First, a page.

William Williams VC

Discussion in 'World War 1' started by liverpool annie, Sep 17, 2009.

  1. liverpool annie

    liverpool annie New Member

    Birth: Oct. 5, 1890
    Death: Oct. 22, 1965

    World War I Victoria Cross Recipient, the most highly-decorated serviceman of the war. A native of Amlwch Port, Anglesey, Wales, Williams was a well-known seafaring family in the area. William went to sea at an early age, locally at first, then on trans-Atlantic cargo runs between Beaumaris and Brazil.

    When the war broke out he enlisted in the Royal Naval Reserve and was one of the first recruits to Commander Gordon Campbell’s “Q” ships, tramp steamers and coastal vessels specially-outfitted and specially-armed to decoy German U-boats to the surface, where the Q-ships would then drop the masking from their guns and pummel the submarines. Williams was awarded his V.C. for action aboard the HMS Pargust, a 2800-ton, otherwise very ordinary-looking merchantman which had been outfitted with a 4-inch gun, four 12-pounders, two Maxim machine guns, two 14-inch torpedo tubes, and depth charges. The buoyancy of Q-ships was also improved by loading the former cargo holds with light-density lumber and empty casks. On June 17, 1917, the Pargust, under Campbell’s command, was south-west off the coast of Ireland when she was struck by a torpedo. Following standard practice, a decoy “panic party,” complete with duffel bags and a stuffed parrot, was lowered in a lifeboat to give the impression the crew was abandoning ship while the gunners remained hidden, waiting for the sub to surface. Williams was one of the gunners for a 12-pounder; the problem was, the torpedo blast had loosened the weights holding the starboard-side gun camouflage in place. If the camouflage had fallen, the guns would have been revealed and the Pargust’s cover blown too soon. Williams then took the entire weight of the gun ports on his own shoulders, holding them in place for more than more than half an hour while the rest of Campbell’s crew waited for the sub to surface. When it did, Campbell released the ports, and the guns opened fire. The sub was sunk after a firefight lasting four minutes.

    Later, the Admiralty could not determine which of the crew should be recommended for the V.C., so they left it to King George V to decide. He invoked Clause 13 of the Victoria Cross Warrant, which specified that in special cases the selection could be made by ballot – one officer and one rating would receive the medal in the name of the entire crew. The officers voted for Campbell, but as he already had one from previous Q-boat action he refused the vote, so the officers selected his second-in-command, Lt. Ronald Stuart. The ratings selected Williams. Williams continued to serve on Q-ships until five days before the Armistice, when he was mustered out of the RNR for medical reasons.

    After the war he returned to Wales, worked as a seaman on cross-Channel ferries and later on shore for a dockyard. He passed away at his home in Holyhead, Wales, after a long illness. His medals, including the VC, DSM and Bar, and the French Medaille Militaire, are on display at the National Museum of Wales, Cardiff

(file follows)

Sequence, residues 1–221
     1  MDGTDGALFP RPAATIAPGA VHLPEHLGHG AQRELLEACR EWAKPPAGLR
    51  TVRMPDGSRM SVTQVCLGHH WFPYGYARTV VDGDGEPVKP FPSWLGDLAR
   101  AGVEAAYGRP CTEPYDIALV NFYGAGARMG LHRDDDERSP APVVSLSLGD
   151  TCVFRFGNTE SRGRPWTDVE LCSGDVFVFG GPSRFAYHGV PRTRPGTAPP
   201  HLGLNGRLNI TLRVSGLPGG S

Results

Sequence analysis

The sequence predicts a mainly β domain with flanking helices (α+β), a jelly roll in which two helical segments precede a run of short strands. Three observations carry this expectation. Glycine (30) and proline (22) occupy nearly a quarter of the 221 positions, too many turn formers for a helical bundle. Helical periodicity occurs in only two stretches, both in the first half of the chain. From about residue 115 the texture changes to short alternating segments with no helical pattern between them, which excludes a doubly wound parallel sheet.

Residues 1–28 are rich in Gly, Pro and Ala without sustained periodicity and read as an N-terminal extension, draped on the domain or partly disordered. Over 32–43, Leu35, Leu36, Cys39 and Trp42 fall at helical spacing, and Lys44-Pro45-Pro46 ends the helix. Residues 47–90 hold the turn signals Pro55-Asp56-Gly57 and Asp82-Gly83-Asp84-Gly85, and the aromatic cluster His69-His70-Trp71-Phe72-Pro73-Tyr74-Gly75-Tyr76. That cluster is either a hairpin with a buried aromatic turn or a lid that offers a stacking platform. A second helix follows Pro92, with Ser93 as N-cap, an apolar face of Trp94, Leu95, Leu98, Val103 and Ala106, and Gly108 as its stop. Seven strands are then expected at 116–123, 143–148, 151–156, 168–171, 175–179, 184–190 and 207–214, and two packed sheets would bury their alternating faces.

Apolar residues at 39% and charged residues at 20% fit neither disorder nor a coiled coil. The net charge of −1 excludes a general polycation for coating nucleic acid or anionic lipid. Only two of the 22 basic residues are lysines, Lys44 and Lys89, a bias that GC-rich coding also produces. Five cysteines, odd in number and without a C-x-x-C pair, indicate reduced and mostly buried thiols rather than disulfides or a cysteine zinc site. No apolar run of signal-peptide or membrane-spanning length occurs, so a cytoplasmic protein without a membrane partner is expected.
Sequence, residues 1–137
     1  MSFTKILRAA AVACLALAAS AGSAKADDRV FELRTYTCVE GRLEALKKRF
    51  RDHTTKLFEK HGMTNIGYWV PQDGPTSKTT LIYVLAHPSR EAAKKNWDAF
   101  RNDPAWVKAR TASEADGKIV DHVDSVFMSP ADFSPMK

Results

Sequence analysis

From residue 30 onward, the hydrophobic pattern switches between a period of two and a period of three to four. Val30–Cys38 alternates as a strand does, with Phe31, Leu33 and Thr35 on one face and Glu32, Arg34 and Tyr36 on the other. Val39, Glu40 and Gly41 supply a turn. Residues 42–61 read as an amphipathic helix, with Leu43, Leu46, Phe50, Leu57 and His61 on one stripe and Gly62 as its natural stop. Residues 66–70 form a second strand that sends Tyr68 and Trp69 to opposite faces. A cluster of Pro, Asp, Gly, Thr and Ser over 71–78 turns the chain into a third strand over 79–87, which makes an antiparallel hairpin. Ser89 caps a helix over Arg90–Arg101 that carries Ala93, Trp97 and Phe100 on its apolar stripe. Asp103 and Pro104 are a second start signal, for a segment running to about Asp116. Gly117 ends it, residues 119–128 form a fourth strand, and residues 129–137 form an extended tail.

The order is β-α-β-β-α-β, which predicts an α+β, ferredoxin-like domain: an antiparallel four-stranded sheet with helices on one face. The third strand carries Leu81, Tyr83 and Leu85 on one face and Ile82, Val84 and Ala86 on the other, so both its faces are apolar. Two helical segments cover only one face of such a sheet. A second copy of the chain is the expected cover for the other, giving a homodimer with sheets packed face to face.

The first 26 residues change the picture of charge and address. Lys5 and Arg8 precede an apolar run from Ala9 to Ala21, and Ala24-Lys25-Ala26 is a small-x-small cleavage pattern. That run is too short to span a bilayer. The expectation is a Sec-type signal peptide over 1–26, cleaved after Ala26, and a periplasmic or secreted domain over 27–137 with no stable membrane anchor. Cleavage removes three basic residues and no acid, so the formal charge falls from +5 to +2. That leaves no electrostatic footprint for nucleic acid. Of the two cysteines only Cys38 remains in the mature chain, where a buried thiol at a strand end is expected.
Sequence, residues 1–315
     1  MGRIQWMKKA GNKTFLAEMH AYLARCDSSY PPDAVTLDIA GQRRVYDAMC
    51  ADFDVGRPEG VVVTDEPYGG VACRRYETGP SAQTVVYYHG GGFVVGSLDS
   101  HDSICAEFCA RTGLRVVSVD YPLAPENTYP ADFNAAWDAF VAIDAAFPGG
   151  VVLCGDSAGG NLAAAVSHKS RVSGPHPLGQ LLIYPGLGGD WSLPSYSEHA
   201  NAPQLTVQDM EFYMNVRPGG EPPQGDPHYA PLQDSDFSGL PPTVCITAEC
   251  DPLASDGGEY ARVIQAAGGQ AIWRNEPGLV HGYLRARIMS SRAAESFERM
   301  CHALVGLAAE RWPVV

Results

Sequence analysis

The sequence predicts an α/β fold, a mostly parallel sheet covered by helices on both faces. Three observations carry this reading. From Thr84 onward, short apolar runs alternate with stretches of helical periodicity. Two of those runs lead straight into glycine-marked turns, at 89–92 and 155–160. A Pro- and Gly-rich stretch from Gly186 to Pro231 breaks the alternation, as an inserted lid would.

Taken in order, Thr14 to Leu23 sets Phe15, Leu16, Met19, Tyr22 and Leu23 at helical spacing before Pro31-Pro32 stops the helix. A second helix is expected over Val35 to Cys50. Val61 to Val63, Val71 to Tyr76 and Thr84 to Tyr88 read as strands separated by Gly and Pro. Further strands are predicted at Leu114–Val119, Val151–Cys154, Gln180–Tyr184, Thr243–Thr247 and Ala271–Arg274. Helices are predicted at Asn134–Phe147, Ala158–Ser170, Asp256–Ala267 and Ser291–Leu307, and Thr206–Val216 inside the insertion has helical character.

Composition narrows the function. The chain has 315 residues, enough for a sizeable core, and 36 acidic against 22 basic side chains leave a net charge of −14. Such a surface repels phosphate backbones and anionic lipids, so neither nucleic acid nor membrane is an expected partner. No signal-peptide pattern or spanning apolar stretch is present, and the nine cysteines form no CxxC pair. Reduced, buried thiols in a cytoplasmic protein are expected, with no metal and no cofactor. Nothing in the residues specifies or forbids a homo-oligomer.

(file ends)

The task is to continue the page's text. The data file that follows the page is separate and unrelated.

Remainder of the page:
Amlwch Cemetery
    Anglesey, Wales

    Attached Files:

  2. Adrian Roberts

    Adrian Roberts Active Member

    This can't be exactly right. For instance His CO, Gordon Campbell, was awarded a VC, DSO and two bars, and some of the air aces were equally highly decorated, or more so. But he could well have been the most-highly decorated non-commissioned serviceman of the war, certainly in the Navy, and unless anyone can think of other examples, possibly in the Army too?
  3. liverpool annie

    liverpool annie New Member

    Well Captain Noel Godfrey Chavasse was supposed to be the most highly decorated British serviceman in the war !

    Though I think in this case it should have said non-commissioned serviceman of the war !

  4. Adrian Roberts

    Adrian Roberts Active Member

    Just to confuse things further, there was another William Williams who was awarded a Victoria Cross - also a sailor and also in the Great War!

    From Wikipedia:

  5. cally

    cally New Member

    Adrian - just to confuse things further you seem to be posting in stereo!!
  6. liverpool annie

    liverpool annie New Member

    I fixed it Cally ! .... he must have had the hiccups !! :)
  7. welshdragon_3

    welshdragon_3 New Member

    my name is neil williams. william williams was my great uncle.i wasnt born to have met will but my father told me many stories of him.overall he was a kind man who always looked out for his fellow crew even after finishing in the reserves he maintained his love for the service and helped many fellow sailors.i have a few pictures of will williams including when he was given the VC by the king.as im new to here i shall try and post them soon
  8. Kbak

    Kbak Member

    Hi Neil

    Welcome to the forum, look forward to seeing the pictures



Share This Page